In 2009, eHarmony opened an office in London to launch eHarmony UK. This article is the first in a series that looks at the differences in dating in Britain and The United States. The British side is written by London-based eHarmony Editor Julia Filsell, and the American side by Pasadena-based eHarmony Content Director, Grant Langston.
Dating Multiple people at once time. It seems to be an issue that neatly divides daters. For some it feels unnatural and creepy, for others it’s the only sensible way to proceed. We all know that the US and UK are a “peoples divided by a common language,” but how their tendencies when it comes to juggling more than one romantic interest at a time?
When it comes to dating multiple people at once, it seems that daters here can be broken into two broad groups. I’ll call them – Cool Logicians and Heartfelt Believers.
Cool Logicians have done the math. They have read the experts and considered the research. They know that meeting a great person often means you have to meet lots of people. Logically, this takes less time if you can date several people concurrently.
Is it easy to date several people at once? No, the scheduling can be a headache. Does it feel natural? Not really. You often forget what story you’ve told which person. But Cool Logicians push past these obstacles. They do the work expecting that they are going to meet the most compatible person because they are auditioning lots of potential partners.
Cool Logicians are also aware that dating more than one person at a time can raise your perceived value. It can make you seem more in demand and like a “catch.” Of course, it can also make you seem like a low-down dirty dog.
While it’s a total guess, Cool Logicians make up about 25-30% of the US dating public.
Heartfelt Believers may or may not know the facts of dating. If they do know, they don’t care. They aren’t interested in the logic of shopping around, meeting lots of people, and trying on many different kinds of potential partners. They want to find love with someone they like and the first person that seems to fit the bill is only person they want.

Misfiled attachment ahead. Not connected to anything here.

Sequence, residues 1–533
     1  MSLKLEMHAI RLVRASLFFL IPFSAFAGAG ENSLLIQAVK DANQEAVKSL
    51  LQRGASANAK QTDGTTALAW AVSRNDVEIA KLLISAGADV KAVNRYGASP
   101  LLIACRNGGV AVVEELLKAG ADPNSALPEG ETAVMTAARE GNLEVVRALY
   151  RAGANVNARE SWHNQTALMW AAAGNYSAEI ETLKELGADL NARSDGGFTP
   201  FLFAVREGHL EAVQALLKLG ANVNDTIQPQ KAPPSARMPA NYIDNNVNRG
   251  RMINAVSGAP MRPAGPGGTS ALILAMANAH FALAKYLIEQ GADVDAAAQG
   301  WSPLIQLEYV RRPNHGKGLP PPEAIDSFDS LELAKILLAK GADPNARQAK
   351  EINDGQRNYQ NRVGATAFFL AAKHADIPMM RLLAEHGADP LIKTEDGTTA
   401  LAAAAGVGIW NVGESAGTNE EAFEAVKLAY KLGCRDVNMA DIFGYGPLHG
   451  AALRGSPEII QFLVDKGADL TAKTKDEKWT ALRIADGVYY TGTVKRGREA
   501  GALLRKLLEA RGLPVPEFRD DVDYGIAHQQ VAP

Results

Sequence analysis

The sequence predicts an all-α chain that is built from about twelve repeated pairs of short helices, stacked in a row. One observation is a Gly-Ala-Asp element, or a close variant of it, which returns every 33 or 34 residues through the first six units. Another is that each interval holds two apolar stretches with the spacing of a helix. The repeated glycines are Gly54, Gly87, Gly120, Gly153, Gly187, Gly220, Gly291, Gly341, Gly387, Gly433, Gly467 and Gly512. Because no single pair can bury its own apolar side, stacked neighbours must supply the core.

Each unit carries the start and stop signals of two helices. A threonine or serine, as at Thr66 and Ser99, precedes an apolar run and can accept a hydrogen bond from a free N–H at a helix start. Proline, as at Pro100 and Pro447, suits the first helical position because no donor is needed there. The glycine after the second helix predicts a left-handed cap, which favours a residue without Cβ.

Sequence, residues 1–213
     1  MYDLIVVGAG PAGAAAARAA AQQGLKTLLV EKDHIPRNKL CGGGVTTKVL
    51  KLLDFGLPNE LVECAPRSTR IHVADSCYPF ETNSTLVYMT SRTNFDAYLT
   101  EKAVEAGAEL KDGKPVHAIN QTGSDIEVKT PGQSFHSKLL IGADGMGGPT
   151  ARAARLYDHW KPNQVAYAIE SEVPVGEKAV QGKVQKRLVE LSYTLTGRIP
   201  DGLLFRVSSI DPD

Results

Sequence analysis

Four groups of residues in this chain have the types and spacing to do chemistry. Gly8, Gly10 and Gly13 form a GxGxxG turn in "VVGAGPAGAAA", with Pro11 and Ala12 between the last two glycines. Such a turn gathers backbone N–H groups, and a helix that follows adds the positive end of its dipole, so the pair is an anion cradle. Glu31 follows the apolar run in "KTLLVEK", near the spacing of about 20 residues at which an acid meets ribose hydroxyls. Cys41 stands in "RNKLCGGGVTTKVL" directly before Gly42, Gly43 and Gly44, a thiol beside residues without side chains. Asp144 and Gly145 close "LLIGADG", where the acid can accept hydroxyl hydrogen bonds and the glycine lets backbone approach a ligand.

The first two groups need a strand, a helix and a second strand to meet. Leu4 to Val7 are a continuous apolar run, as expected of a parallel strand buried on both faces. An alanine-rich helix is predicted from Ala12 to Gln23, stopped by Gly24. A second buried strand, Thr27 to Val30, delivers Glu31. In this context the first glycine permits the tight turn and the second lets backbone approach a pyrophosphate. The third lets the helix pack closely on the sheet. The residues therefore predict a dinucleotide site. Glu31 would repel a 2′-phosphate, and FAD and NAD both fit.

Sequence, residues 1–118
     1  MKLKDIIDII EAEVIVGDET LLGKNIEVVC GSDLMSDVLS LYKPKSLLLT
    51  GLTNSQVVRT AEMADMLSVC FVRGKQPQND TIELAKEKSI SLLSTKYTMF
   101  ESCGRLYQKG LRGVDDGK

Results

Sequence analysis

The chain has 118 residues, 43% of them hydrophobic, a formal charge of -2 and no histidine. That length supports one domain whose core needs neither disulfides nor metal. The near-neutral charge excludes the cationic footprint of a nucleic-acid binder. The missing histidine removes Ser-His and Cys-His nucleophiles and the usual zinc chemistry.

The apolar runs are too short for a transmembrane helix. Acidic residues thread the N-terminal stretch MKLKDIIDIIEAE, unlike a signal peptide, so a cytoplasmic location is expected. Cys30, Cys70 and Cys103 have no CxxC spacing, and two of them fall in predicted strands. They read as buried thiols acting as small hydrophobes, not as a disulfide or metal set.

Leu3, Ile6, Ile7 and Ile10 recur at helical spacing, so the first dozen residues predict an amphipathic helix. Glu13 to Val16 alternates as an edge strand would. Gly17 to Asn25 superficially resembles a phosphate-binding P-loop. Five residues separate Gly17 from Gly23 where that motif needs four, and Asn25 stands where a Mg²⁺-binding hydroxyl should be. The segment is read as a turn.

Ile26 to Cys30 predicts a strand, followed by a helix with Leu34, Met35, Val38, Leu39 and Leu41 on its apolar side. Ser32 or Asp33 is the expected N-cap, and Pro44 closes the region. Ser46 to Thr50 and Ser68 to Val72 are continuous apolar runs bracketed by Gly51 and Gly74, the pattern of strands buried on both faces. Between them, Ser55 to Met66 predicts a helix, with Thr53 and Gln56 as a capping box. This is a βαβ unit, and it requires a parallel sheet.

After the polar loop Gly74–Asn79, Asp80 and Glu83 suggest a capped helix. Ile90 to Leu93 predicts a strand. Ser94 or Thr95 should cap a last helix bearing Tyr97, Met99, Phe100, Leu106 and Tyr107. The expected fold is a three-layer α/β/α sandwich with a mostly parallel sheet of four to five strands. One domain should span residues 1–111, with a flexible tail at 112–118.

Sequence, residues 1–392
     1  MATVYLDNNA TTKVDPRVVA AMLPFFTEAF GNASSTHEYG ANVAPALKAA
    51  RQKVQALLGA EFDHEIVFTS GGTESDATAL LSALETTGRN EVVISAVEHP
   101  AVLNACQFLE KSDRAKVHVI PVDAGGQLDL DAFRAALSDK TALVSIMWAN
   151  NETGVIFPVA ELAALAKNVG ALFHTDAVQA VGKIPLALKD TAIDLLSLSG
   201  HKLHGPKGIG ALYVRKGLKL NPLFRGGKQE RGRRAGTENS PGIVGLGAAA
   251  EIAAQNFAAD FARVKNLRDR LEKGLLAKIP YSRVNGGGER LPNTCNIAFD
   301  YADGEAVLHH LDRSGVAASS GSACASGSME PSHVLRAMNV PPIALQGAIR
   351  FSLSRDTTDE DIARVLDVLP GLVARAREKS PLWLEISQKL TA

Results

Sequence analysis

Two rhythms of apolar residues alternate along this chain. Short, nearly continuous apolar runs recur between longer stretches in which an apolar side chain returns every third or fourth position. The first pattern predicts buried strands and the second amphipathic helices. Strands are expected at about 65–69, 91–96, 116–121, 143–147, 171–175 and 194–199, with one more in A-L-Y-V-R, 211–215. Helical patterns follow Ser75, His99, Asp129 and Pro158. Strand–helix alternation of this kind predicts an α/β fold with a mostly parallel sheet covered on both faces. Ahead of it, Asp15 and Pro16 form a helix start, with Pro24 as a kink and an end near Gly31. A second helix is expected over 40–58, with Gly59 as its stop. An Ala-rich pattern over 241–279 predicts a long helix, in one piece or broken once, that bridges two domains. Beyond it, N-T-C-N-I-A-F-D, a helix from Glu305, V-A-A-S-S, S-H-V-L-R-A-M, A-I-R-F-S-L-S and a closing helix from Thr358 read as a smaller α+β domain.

Here’s a typical Heartfelt Believer. Joins 3 online dating services, completes the profiles quickly, begins getting matches and communicates with them. He/She eventually goes on the first date with the first match to respond, likes him/her, goes home and turns off all 3 online dating accounts. Never considers another match and ventures forward dating this one person.
Now, when this new relationship runs aground in 3 weeks, it’s back to the online dating accounts. Does the Heartfelt Believer change his ways? Of course, not. He falls in love with the next, first match and the cycle repeats. Why? Because there’s something deep in him that feels wrong when date multiple people. It feels like cheating. He just wants love with one person, why should he have to juggle 3 or 4 women and deal with a complicated set of feelings for each?
Heartfelt Believers are the vast majority of American daters. 70-75%.
A recent Stanford University study showed that 30% of American couples now meet online. As that number continues to climb, it is likely that Cool Logicians will increase as a percentage of the total. Online dating does make it easier to meet more people and maintain several dating relationships at once. The question is – can people get over that feeling of doing something wrong, even when they aren’t.